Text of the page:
1. I hope you have kept all the things as per the list?”- Ksheetej’s mom enquired.

“Yeah mom don’t worry!”- Ksheetej replied!

“I hope you have kept an extra jacket as the match will end late everyday and Russia is freezing?”- Ksheetej’s mom asked.

“Yeah mom”- Ksheetej said while ticking it off his To-Do list.

Ksheetej is heading to Russia to watch the FIFA World cup! The excitement is palpable and you can sense a bit of hysteria too! Clearly, in India, cricket has taken a back seat for the moment. Move over Kohli’s and Dhoni’s and step in to the world of Ronaldo and Messi!

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Sports Tourism and FIFA 2018

Sports Tourism may be defined as any traveling that is done to participate in a sporting event – including just watching. As long as a sport (soccer, baseball, golf, football, cricket, competitive knitting, etc.) is the primary reason for one’s travels, it can be considered sports tourism. Thus, one can indulge in sports tourism either as a participant or as a spectator! In simple terms, Christiano Ronaldo is the participant in FIFA 2018 and Ksheetej is the spectator!



Impact of Sports Tourism on Host countries

Case study of FIFA 2010 on South Africa

Impact of FIFA 2010 on South Africa

Impact of FIFA 2010 on South Africa

According to a study conducted by South African Tourism, a total of 309,554 foreign tourists arrived in South Africa for the primary purpose of attending the 2010 FIFA World Cup and those tourists spent about R3,64 billion during their stay. Shopping and enjoying nightlife were the two most common activities which tourists engaged in, apart from watching the 2010 FIFA World Cup. The total awareness of South Africa as a leisure destination increased by nine per cent after the FIFA World Cup. Tourists also found their experience in the country much better than they expected before arriving. The 2010 FIFA World Cup did help improve the negative perceptions South Africa has on safety and security issues and as a value-for-money destination. Even though the tournament was held in winter, the Fan Parks were a popular choice for many supporters. The most visited Fan Parks were also in Gauteng , KwaZulu-Natal, and Western Cape. About five per cent of the 2010 FIFA World Cup tourists indicated that they visited other African countries during their trip to South Africa.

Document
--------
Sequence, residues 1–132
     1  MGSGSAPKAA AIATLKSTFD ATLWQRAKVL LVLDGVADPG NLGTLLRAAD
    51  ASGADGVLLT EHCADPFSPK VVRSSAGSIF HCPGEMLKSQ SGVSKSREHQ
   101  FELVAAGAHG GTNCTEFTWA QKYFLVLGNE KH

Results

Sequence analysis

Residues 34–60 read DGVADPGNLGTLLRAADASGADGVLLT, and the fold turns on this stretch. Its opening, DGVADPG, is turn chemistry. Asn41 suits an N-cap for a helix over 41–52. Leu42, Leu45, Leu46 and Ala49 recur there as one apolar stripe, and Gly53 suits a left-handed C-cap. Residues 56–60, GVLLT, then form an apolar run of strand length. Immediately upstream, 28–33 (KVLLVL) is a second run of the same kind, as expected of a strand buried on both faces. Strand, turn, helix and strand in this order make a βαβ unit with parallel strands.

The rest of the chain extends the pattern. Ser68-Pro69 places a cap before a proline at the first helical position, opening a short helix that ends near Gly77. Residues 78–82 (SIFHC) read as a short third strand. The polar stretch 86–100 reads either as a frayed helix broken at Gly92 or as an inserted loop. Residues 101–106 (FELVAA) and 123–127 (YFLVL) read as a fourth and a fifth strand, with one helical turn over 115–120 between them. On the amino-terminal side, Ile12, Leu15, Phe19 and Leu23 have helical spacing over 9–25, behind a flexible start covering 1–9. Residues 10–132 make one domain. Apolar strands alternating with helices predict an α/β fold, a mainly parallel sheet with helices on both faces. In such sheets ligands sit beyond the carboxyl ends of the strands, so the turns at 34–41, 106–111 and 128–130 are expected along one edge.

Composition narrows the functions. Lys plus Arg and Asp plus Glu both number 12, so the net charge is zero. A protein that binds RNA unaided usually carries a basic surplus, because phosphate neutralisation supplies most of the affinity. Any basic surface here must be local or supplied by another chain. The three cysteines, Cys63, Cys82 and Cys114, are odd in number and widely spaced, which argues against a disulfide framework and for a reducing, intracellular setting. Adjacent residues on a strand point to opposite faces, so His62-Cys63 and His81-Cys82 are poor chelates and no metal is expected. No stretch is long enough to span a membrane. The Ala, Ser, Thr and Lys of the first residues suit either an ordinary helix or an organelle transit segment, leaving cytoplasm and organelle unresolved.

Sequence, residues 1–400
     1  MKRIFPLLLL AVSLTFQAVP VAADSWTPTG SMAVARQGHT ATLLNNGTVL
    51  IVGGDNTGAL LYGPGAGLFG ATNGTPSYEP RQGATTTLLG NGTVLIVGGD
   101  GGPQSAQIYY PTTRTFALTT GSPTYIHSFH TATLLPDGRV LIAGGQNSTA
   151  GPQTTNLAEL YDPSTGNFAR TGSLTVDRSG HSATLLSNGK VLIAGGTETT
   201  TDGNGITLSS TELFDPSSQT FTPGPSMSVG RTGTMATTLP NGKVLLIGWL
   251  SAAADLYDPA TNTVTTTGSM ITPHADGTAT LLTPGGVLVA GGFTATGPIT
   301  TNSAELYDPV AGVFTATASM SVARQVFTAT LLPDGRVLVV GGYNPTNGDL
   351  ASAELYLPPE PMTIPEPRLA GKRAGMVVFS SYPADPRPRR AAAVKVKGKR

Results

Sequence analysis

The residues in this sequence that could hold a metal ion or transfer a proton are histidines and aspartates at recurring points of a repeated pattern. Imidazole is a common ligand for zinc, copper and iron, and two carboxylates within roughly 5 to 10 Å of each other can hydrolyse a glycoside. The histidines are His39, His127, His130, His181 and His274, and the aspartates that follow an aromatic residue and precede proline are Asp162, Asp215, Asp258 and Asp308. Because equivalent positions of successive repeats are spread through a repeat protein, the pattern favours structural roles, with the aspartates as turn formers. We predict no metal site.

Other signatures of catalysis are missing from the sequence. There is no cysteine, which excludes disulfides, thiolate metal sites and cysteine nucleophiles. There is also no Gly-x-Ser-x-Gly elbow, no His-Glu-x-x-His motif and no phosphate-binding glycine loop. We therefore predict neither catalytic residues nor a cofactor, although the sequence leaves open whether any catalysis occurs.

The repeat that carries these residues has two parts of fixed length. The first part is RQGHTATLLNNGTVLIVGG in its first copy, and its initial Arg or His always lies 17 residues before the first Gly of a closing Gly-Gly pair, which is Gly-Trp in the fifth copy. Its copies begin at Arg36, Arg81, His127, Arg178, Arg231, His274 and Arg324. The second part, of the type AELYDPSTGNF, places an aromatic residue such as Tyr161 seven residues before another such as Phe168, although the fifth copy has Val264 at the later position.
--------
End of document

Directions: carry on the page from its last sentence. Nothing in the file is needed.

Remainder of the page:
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Origin of Bed and Breakfast scheme in Delhi


While Commonwealth Games 2010 were planned in a big way in Delhi, administrators and bureaucrats were concerned about the influx of tourists in Delhi during the Games. It was noted that there was a huge dearth of budget category hotel rooms and a swift solution had to be sought. So, the obvious answer was Bed and Breakfast scheme or Homestay scheme. India has been a great host to international travelers from time immemorial and now was the time to show off the hospitable skills again! Thus, started the registration process of the homes and their being converted into Bed and Breakfast rooms. Citizens from the intellectual strata of the society came forward to convert their homes into BnBs and became entrepreneurs while sitting at home!

UK based Maggie and Maureen had a lovely time in a BnB

UK based Maggie and Maureen had a lovely time in a BnB

Now, a retired Army official would give out a room to a foreign traveler, have breakfast with him/her and take him/her out to a nearby shopping complex and conduct a pooja before sleeping!

The foreign traveler is now, no more a mere room number in a plush 5-star hotel, instead he is a family member and someone who has earned a place in the Indian society.

So, I swing a question at you.. do you wish to be just a room number or a family member?

Ambuj Saxena